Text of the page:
Dedicated in advancing the education of design for students here in Hong Kong; the HKDI has constantly been hosting workshops and exhibitions by artists from around the world for their students and the public to see and participate in. Opening from the 4th of December to the 14th of February 2014; the HKDI Gallery is hosting an all new solo exhibition featuring Belgian architect and designer Charles Kaisin’s series of works based on themes of motion and recycling created from 1999 until 2013.



Well known for his use of sustainable and contemporary design; Charles Kaisin has been awarded the Most Innovative Object Prize at the Montreal Design Fair. From then on, he has been creating collaborative products with brands and was commissioned to design housewares item for the Royal Family.

Recognized for the honeycomb structure he constantly relates to in this works; the entrance of the exhibition was filled with colorful K- benches designed in 2005.

Tainted with different colors; the static connotation of a chair is completely redefined by his K Bench. Flowing with its extendable structure; it has been given the ability to be transformed into a linked bench by a simple pull and stretch, or into a stool by clipping it ends together with a metal clip.

By joining several of these 300 cm long benches together; a visual impacting interior object sways across the floor forming a versatile and engaging piece of artwork.


Apart from intriguing audiences by encouraging interaction through the motions that can be induced into his works; he also involved different people during the production process for his particular works. The chair made from newspaper strips has been used and sat on by himself for the past year; and as sturdy as it is, it also encompasses an interesting story behind. Made with magazines he has collected for 2 years; the materials were passed into the hands of 200 prisoners for them to hand cut each page into long thin strips of paper for application and resembling into a chair.

He also experiments with various materials; with one chair made with furry tassels that reassembles a huge teddy bear’s hug when sat on.

The only product that can be purchased this time round is his Delvaux Bag, which is offered at a limited pieces of 100. Made by cutting intricate lines on supple leather; the bag develop its own shape through time after contents have been carried in the bag.

Also encompassing his signature honeycomb shape; the bag is minimalistic yet very unique in its change of appearance through time.

The walk through the exhibition itself was also a sort of performance art as wooden boards on the floor were deliberately made unstable so that guests can affect the status of the glass bottles lined on the shelves. Instead of quietly going through the venue like how usual art shows are like; we were constantly being accompanied by sounds of falling and breaking glass. This design has been taken from the Terremoto ‘ Earthquake’ project by Spanish artist Tere Recarens; where the reaction of the public is greatly valued over the results of the glass object, rendering the border between what is considered as art and non- art.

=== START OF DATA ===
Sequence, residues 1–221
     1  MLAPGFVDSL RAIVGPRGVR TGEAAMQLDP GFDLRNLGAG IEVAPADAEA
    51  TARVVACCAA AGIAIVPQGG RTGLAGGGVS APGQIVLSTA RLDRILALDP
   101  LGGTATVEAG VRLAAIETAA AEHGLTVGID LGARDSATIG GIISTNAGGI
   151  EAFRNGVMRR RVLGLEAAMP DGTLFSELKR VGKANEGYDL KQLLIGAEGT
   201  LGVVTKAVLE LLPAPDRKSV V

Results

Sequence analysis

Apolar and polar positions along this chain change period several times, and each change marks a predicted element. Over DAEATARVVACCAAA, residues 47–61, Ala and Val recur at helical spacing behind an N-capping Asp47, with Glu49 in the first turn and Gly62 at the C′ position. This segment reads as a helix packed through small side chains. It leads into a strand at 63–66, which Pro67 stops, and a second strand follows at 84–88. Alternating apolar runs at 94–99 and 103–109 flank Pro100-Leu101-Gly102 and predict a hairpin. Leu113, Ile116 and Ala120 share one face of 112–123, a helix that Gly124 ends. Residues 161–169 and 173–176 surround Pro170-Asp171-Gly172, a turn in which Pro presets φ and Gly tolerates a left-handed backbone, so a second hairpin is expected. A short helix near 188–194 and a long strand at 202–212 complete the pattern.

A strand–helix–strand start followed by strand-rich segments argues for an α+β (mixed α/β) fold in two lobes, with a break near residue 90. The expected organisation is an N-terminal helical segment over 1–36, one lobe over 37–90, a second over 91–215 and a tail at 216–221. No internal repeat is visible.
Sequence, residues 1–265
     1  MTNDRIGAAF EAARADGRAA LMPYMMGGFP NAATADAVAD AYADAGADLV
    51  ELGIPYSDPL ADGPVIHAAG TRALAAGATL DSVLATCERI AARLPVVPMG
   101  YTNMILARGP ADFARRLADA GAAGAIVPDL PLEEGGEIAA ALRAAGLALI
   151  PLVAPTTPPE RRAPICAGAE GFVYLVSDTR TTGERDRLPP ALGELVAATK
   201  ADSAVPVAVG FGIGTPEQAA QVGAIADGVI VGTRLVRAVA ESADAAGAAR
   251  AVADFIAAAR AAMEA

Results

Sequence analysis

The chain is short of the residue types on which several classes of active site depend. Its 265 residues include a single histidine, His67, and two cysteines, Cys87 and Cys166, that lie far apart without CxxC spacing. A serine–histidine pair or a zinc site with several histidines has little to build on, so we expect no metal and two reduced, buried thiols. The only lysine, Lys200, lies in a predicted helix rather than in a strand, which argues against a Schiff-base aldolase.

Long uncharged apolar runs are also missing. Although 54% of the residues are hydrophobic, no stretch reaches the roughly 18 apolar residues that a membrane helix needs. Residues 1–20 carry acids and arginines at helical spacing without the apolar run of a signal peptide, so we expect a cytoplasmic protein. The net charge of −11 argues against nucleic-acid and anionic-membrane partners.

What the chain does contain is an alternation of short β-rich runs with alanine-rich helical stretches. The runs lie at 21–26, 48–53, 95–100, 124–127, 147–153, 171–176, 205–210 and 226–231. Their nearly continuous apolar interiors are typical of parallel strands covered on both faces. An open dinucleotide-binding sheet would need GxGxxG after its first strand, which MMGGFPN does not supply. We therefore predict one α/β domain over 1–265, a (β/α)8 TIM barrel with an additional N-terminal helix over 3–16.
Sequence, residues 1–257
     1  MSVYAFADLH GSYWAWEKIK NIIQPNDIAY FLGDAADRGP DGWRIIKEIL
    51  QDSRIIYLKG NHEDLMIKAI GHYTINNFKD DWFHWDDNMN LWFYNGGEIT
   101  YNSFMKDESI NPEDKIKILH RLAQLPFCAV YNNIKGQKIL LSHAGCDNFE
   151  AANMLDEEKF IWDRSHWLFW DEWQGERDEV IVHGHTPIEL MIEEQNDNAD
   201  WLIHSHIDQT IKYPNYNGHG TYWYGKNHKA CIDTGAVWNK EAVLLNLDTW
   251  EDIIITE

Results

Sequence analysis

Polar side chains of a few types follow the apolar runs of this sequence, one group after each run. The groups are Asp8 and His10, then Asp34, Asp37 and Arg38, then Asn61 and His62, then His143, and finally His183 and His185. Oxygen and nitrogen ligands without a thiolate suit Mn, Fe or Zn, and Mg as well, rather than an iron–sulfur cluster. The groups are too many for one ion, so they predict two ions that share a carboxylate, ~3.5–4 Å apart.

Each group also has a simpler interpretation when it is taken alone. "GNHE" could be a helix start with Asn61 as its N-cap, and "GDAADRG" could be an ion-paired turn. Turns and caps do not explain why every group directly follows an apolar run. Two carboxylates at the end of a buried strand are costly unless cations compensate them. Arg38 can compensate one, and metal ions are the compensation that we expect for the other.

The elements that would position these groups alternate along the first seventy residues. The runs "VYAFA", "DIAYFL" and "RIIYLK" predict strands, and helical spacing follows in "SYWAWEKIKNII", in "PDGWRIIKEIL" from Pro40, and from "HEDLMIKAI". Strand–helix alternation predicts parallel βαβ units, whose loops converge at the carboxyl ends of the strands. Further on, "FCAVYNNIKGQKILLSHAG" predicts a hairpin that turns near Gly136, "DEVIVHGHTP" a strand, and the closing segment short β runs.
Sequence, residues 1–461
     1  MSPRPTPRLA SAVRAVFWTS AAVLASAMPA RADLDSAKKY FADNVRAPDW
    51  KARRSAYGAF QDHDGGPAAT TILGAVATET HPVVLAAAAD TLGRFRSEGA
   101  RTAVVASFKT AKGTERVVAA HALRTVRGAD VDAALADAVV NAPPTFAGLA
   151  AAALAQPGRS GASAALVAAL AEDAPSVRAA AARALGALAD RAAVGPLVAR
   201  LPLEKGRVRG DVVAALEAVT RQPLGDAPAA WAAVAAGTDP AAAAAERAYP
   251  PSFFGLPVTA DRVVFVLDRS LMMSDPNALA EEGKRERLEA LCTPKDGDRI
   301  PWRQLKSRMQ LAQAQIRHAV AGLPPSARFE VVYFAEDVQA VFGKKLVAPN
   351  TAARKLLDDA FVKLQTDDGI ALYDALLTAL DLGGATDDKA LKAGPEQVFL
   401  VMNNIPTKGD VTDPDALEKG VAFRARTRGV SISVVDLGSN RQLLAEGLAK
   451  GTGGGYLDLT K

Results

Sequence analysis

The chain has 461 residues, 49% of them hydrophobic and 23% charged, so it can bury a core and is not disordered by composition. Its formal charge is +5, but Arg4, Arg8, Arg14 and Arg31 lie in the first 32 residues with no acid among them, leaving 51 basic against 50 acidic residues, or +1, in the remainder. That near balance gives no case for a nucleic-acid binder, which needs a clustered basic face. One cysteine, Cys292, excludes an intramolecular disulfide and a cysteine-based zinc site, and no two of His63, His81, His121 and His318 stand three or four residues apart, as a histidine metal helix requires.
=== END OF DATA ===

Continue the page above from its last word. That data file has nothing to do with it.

Aside from that, a mosaic inspired installation also took space against the wall in the gallery. Instead of using the usual mosaic materials to create an image; Charles Kaisin has wrapped felt fabric onto tiles and calculated the color placement in order to recreate a ‘blurry’ version of the initial image such as traditional paintings or landscapes.

Pixels, 2009 depicts an image of a wild countryside with varied color tiles.

Mentioned previously, brands such as Hermés has commissioned him in making products with the brand; as well as a series of reversible earthen ware dishes for the Royal Family titles Royal Boch Dishes, 2004.

Charles Kaisin is also a guest speaker at the HKDI, educating and widening the scope of student’s imagination for product design.Together, they have experimented with constructing 3 dimensional shapes with simple materials such as wooden sticks, glue and elastic band.

Student works are also showcased within the exhibition. One particular lamp shade was also redeveloped into a finalized product.

Visit the exhibition at HKDI to experience the real motion and sustainability behind Charles Kaisin’s works.

3 King Ling Road, Tseung Kwan O, N.T.


Written by Joyce Tsang